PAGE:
Scott Chipman, Southern California co-chair of the group Citizens Against Legalizing Marijuana, said the stand "is another mixed message from this administration regarding U.S. drug policy when what is needed is clear messages that drug use, including marijuana use, is harmful to public health, public safety and society at large."

Comrade Grumpy

(13,184 posts)
5. Add Chris Christie to the list:
Fri Aug 30, 2013, 12:31 PM
Aug 2013

Christie, a former U.S. attorney, said that in his opinion Holders overstepped his authority.

"I think it's a mistake by the Attorney General, frankly. There is no such thing as medical marijuana, it's just marijuana," Christie said. "He essentially by fiat legalized marijuana in Colorado and Washington.That's certainly something I would never do in New Jersey."

"That's to be decided by the congress and president, not by the Attorney General," Christie told reporters during an unrelated press conference in Point Pleasant Beach.

Christie has said publicly that he would never sign a bill pending in the New Jersey legislature if it ever reached his desk.


This is a bit odd. Christie throws in an unsolicited jab at medical marijuana, just a few days after he signs a bill allowing kids to use it.


(28,784 posts)
6. you know, this was intended to be a positive moment
Fri Aug 30, 2013, 12:42 PM
Aug 2013

about the positive actions that are taking place regarding a change in direction that will hopefully signal greater change to come.

thanks for the negativity, dude. LOL.

As I have said before - the western states are leading the way on this issue. there are some east coast states that are progressive, such as Vermont, but, for the most part, the east coast is far behind on this issue. maybe because so much of the cultural history of the region has to do with alcohol prohibition repeal and the groups that were empowered by that moment. maybe because of the historic racism and the continued targeting of minorities. who knows. as usual, the south and midwest flounder in their old paradigms of religious prohibition and fear-based conservatism.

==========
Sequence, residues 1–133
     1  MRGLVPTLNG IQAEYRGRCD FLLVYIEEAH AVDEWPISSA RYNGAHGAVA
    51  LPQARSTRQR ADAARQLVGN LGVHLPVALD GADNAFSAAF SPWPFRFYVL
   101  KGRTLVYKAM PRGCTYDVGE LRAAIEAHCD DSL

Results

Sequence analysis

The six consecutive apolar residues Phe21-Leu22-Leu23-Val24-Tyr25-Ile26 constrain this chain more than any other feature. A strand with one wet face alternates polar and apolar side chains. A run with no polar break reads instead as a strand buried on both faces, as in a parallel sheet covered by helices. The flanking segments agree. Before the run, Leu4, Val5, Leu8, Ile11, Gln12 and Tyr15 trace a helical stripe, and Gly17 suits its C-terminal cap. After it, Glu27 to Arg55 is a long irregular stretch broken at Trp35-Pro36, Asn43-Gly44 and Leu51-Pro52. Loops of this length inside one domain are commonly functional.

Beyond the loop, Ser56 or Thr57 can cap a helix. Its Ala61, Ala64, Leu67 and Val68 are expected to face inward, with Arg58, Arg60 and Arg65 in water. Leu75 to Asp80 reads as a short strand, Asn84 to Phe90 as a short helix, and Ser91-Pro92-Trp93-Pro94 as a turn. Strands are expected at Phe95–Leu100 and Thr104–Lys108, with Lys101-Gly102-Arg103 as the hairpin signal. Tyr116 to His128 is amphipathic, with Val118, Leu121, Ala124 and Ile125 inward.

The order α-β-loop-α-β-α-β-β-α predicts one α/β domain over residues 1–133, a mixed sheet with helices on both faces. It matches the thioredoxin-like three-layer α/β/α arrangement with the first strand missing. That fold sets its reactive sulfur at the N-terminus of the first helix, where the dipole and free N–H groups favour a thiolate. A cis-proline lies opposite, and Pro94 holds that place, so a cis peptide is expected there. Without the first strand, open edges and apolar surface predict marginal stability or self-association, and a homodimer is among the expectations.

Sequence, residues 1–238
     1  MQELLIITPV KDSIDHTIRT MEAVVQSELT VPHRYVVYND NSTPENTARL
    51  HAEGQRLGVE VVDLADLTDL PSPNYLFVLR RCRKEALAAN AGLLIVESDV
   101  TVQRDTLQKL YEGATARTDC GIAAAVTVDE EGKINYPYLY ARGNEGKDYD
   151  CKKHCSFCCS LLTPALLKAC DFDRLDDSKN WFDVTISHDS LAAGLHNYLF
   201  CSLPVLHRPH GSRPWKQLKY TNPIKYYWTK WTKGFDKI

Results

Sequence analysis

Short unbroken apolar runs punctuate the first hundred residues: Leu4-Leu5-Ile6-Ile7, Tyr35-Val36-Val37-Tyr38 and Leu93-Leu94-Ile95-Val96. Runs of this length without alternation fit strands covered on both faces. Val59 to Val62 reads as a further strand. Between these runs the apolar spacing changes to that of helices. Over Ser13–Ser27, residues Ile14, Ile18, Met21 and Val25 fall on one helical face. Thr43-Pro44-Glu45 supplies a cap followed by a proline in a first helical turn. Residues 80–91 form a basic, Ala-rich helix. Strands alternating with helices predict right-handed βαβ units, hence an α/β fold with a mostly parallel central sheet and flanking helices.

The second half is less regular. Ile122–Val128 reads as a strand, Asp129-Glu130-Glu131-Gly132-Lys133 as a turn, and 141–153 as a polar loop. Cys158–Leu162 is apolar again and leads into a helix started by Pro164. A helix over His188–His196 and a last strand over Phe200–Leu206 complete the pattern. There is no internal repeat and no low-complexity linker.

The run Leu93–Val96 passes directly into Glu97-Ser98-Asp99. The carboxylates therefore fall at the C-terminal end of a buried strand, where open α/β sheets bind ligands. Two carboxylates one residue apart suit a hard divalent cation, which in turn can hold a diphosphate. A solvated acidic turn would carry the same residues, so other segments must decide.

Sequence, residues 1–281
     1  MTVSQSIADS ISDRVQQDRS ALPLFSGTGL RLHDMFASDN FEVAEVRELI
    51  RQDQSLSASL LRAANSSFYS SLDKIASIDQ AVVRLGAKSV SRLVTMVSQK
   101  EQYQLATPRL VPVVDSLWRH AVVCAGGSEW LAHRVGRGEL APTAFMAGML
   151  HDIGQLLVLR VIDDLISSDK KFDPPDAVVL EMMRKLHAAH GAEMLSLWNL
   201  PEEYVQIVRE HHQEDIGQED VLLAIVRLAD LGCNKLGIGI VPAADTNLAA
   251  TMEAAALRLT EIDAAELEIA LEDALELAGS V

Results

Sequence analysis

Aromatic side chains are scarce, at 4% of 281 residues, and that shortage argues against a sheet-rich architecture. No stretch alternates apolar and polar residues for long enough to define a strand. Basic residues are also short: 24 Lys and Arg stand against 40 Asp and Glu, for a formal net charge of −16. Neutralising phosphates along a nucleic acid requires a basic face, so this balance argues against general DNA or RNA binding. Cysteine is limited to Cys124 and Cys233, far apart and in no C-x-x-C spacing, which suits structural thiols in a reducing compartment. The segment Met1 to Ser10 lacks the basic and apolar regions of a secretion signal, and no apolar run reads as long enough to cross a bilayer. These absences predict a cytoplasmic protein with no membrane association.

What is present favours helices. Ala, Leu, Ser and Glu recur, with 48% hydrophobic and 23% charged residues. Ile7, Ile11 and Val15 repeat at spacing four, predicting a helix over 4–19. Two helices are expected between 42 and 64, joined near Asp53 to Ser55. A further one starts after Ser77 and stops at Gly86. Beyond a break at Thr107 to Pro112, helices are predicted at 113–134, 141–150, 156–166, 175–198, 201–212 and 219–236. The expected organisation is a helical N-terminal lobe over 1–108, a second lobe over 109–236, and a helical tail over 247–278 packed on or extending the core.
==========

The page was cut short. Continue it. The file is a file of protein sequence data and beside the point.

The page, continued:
but the nation is moving on, as ever, and beyond those stale attitudes, hopefully.

the northeast looks reactionary while the west is moving forward.


Comrade Grumpy

(13,184 posts)
8. I posted those links only to show the tenor of what's left of the opposition.
Fri Aug 30, 2013, 12:47 PM
Aug 2013

They're on the wrong side of history.

Hey, and give the Northeast some credit. I think New England is ALL medical marijuana now, several states up there have decriminalized, and Rhode Island could be the first to legalize via the legislature.

These are exciting times. I post the loser links only to jeer at them.


(28,784 posts)
9. I was just teasing you a little bit
Fri Aug 30, 2013, 12:50 PM
Aug 2013

I'm just trying to find something positive in this world.

no harm/no foul.